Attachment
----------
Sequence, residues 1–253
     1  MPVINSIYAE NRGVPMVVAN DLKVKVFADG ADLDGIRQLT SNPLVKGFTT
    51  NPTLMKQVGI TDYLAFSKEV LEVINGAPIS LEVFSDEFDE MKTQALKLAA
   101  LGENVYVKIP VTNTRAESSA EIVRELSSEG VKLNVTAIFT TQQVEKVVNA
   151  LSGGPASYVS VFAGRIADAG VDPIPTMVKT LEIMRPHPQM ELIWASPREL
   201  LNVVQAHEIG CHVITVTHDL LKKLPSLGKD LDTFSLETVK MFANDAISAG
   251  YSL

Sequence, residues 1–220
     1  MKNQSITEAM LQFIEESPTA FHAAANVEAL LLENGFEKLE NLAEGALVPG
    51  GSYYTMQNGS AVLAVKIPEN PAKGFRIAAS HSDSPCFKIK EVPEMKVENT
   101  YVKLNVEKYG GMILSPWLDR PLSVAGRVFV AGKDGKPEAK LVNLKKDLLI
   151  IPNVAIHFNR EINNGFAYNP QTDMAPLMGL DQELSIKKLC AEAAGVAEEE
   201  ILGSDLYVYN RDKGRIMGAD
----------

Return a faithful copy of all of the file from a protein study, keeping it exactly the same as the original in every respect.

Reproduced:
Sequence, residues 1–253
     1  MPVINSIYAE NRGVPMVVAN DLKVKVFADG ADLDGIRQLT SNPLVKGFTT
    51  NPTLMKQVGI TDYLAFSKEV LEVINGAPIS LEVFSDEFDE MKTQALKLAA
   101  LGENVYVKIP VTNTRAESSA EIVRELSSEG VKLNVTAIFT TQQVEKVVNA
   151  LSGGPASYVS VFAGRIADAG VDPIPTMVKT LEIMRPHPQM ELIWASPREL
   201  LNVVQAHEIG CHVITVTHDL LKKLPSLGKD LDTFSLETVK MFANDAISAG
   251  YSL

Sequence, residues 1–220
     1  MKNQSITEAM LQFIEESPTA FHAAANVEAL LLENGFEKLE NLAEGALVPG
    51  GSYYTMQNGS AVLAVKIPEN PAKGFRIAAS HSDSPCFKIK EVPEMKVENT
   101  YVKLNVEKYG GMILSPWLDR PLSVAGRVFV AGKDGKPEAK LVNLKKDLLI
   151  IPNVAIHFNR EINNGFAYNP QTDMAPLMGL DQELSIKKLC AEAAGVAEEE
   201  ILGSDLYVYN RDKGRIMGAD